What Investors Should Do Now With the Pending Capital Gains Tax Increase

In case you didn’t realize it, in 2011 there is an impending increase in capital gains tax to 20% – presently it’s 15% (or 0% if you’re in the 10% or 15% brackets). It might make a great deal of sense to take your gains now… that is, unless the capital gains rate is extended with tax legislation before the end of the year.

If you happen to hold positions in mutual funds or stocks that will result in capital gains if sold, you might be able to avoid a significant amount of tax if you sell your position (or at least part of it) before the end of 2010.

For example, if you purchased a mutual fund several years ago for $1,000 and over time the value has grown to $2,000, if you sell it today you would have a capital gain of $1,000, which would be taxed at a rate of 15% (or 0% if you’re in the 10% or 15% brackets), for a total of $150 in tax.

If you waited until January to sell the fund, you’d still have a $1,000 capital gain, but it would be taxed at 20%, for an increase of $50 (or $200 if you’re in the 10% or 15% brackets).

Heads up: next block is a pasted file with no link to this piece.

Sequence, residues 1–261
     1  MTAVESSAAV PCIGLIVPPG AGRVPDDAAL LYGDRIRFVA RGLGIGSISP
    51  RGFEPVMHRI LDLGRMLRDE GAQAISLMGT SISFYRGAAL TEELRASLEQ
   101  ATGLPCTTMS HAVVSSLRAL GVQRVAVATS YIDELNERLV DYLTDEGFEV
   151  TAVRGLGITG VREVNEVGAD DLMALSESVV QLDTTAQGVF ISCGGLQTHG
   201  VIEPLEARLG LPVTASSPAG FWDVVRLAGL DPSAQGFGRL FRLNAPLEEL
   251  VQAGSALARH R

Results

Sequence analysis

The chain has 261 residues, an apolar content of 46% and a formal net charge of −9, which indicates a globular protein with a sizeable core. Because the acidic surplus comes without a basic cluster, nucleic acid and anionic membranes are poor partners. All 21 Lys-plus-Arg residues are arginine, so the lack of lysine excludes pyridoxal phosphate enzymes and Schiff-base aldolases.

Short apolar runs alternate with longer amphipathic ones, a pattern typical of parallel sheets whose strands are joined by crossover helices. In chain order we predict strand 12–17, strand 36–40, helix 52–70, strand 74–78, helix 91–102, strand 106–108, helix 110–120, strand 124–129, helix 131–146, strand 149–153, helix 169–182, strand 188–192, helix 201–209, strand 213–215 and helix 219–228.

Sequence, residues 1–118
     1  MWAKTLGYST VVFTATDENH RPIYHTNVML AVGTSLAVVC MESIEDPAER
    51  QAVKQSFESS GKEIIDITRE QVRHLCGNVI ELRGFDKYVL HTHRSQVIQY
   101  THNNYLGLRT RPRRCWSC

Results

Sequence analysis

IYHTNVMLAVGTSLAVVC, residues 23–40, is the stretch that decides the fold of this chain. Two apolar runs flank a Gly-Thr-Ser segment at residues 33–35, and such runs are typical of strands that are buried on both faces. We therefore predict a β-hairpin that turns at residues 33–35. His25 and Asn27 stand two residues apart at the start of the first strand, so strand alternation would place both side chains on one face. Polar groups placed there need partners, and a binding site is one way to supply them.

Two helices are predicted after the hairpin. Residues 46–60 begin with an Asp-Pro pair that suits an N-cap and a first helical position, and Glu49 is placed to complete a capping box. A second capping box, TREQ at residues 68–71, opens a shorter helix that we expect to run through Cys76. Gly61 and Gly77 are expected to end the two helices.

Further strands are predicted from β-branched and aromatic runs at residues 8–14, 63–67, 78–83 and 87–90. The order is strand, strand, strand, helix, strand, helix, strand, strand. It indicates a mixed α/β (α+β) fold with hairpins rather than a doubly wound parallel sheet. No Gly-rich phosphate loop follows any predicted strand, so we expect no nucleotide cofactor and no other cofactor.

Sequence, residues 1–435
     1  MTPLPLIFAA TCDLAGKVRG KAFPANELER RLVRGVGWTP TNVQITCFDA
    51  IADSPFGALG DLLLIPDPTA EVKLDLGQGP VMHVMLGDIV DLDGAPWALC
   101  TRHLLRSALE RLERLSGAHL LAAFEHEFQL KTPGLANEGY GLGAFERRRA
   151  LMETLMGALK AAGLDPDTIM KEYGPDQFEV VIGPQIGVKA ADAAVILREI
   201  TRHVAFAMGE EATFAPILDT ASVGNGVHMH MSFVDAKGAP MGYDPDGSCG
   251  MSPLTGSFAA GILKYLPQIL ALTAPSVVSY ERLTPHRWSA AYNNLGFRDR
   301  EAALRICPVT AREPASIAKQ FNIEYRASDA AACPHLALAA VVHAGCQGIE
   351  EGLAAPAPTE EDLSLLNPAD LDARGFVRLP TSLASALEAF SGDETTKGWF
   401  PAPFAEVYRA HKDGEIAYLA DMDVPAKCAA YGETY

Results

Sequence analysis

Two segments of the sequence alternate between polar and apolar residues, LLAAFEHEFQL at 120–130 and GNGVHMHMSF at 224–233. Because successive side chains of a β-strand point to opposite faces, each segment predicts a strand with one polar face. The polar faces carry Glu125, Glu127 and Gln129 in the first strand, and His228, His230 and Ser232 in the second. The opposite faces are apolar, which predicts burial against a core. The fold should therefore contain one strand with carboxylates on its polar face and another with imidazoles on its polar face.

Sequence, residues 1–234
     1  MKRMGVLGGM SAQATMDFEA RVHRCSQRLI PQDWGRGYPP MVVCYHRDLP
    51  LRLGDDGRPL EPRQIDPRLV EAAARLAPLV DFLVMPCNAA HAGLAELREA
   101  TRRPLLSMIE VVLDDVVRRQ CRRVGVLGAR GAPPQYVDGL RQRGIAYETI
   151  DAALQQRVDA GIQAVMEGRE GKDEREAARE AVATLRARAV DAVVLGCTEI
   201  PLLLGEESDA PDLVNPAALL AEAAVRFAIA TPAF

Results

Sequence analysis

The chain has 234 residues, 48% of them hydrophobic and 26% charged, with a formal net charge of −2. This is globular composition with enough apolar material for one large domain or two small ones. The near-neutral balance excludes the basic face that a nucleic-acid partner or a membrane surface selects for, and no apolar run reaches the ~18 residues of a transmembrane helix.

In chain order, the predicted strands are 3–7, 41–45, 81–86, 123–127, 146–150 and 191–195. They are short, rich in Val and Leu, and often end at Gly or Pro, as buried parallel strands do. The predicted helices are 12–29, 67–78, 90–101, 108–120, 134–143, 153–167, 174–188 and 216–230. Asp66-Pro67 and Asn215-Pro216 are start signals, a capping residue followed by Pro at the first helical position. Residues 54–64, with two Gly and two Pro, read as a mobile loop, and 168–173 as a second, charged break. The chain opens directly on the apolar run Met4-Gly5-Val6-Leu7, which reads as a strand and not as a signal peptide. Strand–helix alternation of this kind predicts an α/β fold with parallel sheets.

I wouldn’t get too wound up and sell out during November – I’d wait to see what Congress has up its sleeve for the remainder of the year.  There’s always a chance that they’ll extend the capital gains rates into next year… not sure I’d count on it, but it’s a possibility.  I’d just plan for making the sale, maybe in the latter half of December.  You can always back out if things change.

About the author

Jim Blankenship, CFP®, EA

Jim Blankenship is the founder and principal of Blankenship Financial Planning, Ltd., a financial planning firm providing hourly, as-needed financial planning and advice. A financial services professional for over 25 years, Jim is a CFP professional and has earned the Enrolled Agent designation, a designation that qualifies him as enrolled to practice before the IRS. Jim is also a NAPFA-registered financial advisor, which designates him as a Fee-Only Financial Advisor.

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